Bookmark   August 8, 2011 at 3:53PM
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Here is a before-and-after that I took this evening. I originally tried the method of creating a make-shift cage by tying string between three stakes in a triangle formation, but this proved too difficult. Instead, I left the stakes there and gently tied the major branches to the stakes to offer some support.

(You'll notice it's wet - of course we had more major rain this afternoon after I posted the original message this morning!)

    Bookmark   August 8, 2011 at 10:37PM
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esox07 (4b)

Your photo isn't showing up.

    Bookmark   August 8, 2011 at 10:43PM
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Sometimes you just gotta make do. I have a couple of poblano's that look a lot like that (though, not in pots). The branches are really long and bend over. I just put one stake in the ground and keep tying them up when they pester their neighbor.

BTW, at your image page, there is a link at the bottom for 'links' and it has the IMG tags...I think one of those will let your pics show in the forum.

    Bookmark   August 9, 2011 at 10:14AM
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esox07 (4b)

Here is the Photo:

upload gif

    Bookmark   August 9, 2011 at 11:28AM
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Thanks, Bruce - don't know why it didn't show up in mine... it did in the message preview!

    Bookmark   August 9, 2011 at 1:12PM
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Perhaps put that bucket next to that spindled railing. I see alot of potential tie off area there.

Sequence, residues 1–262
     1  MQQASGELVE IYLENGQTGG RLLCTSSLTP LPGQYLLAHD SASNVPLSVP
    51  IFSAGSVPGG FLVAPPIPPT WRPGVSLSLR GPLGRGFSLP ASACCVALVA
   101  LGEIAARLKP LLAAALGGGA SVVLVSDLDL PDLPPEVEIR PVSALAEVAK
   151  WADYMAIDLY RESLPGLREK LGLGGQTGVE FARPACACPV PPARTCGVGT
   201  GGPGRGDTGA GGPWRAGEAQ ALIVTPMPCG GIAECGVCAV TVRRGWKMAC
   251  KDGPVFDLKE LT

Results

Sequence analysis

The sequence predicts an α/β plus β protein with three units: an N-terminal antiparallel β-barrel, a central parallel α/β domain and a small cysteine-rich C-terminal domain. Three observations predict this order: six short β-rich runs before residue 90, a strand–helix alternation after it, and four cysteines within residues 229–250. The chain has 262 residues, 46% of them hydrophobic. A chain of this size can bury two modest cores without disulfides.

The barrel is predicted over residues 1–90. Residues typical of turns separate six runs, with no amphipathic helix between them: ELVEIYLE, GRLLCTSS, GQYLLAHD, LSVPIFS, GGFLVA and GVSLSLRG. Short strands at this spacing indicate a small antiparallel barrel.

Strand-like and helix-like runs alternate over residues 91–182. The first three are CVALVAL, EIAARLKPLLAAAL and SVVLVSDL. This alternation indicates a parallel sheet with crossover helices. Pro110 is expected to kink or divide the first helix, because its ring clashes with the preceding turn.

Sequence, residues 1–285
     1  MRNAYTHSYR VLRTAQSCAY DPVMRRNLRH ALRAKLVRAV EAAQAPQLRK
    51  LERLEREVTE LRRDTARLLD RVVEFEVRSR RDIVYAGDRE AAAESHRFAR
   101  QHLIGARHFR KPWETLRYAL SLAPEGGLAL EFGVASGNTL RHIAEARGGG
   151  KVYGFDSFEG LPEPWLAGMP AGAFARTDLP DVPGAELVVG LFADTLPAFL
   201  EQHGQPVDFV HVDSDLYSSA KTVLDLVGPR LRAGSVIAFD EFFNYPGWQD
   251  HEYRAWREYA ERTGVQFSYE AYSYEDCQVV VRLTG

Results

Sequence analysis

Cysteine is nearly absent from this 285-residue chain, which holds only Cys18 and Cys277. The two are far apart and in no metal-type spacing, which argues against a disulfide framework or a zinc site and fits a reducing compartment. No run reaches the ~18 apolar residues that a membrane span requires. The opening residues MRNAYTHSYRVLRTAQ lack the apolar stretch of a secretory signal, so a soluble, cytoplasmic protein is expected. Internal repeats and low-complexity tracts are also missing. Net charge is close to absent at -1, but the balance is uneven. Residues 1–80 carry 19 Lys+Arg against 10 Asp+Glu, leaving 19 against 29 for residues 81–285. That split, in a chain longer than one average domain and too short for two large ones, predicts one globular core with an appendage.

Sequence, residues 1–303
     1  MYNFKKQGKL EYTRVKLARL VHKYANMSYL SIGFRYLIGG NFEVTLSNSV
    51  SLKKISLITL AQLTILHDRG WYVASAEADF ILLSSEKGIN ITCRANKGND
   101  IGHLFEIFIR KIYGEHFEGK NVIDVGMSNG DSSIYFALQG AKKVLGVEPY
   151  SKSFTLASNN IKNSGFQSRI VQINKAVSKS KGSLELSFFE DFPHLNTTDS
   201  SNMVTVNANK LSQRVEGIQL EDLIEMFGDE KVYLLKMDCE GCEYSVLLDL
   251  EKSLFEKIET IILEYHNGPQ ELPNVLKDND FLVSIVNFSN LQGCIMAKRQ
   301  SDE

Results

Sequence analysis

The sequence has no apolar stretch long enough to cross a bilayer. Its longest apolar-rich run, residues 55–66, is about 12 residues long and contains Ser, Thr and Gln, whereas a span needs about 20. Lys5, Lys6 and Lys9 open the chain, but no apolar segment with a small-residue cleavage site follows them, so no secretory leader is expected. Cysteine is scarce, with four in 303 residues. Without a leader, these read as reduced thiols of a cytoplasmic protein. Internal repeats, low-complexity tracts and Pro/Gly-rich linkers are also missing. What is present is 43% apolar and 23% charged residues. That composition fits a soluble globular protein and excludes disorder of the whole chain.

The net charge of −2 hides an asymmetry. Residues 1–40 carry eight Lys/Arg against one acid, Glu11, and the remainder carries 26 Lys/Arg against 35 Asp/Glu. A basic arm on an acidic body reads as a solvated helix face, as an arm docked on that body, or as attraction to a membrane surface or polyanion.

Another method that i use for tying pepper plants and tomatoes too is....

I drove 5 or 6 foot wooden stakes into the ground and fastened a crossbeam across the tops of the stakes using tie wire. I use twine to tie the pepper stems up to the crossbeam being careful to not pull them upward to tight and uproot them. I also tie off large fruit bearing branches up that crossbeam.

This pic is probably 2 months old and the plants have extended way up past that crossbeam. I guess planting them plants close together stimulated them to fight for vertical growth and access to the suns rays. But anyways this system works very well for me :)

A pic of same bed taken recently

One more from above some scotch bonnets.

Good luck


    Bookmark   August 9, 2011 at 8:17PM
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esox07 (4b)

That fist picture looks like you have a bunch of "Outlaw" peppers. It looks like a mass hanging. hehehehe

Great idea though, it still allows some movement which is really great for the plants but also limits their travel.

Those are some nice tall peppers, what kind are they?

    Bookmark   August 9, 2011 at 8:26PM
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I find those useless(for tomato) wire tomato cages with 3-4 rings and 3 legs they sell in all the stores seem to be about right for hot peppers. Seems like the hungarian wax bananna kind are a bit on the fragile side.

    Bookmark   August 11, 2011 at 6:28PM
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Those are some really lanky peppers. I generally just use a tomato cage for my peppers. I use woven wire fence to make my own cages for my tomatoes.

    Bookmark   August 13, 2011 at 1:35PM